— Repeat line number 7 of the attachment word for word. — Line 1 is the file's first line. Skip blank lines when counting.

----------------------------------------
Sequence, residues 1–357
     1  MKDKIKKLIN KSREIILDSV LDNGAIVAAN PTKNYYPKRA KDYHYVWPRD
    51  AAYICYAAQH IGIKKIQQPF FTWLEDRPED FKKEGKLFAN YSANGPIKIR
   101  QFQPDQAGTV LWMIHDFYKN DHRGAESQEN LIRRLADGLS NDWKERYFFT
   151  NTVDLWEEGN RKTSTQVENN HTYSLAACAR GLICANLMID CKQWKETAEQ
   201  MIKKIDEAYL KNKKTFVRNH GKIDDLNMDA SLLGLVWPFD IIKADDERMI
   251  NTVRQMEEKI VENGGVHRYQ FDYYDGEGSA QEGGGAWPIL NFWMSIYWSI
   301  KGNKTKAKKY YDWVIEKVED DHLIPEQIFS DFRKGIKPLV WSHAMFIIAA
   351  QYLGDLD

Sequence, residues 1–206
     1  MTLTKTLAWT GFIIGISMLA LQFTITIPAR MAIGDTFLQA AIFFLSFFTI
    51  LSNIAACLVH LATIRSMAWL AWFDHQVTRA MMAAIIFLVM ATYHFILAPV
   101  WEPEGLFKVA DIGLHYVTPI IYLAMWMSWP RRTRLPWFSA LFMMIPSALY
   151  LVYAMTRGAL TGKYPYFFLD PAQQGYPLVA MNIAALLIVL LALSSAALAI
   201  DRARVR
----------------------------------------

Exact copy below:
   251  NTVRQMEEKI VENGGVHRYQ FDYYDGEGSA QEGGGAWPIL NFWMSIYWSI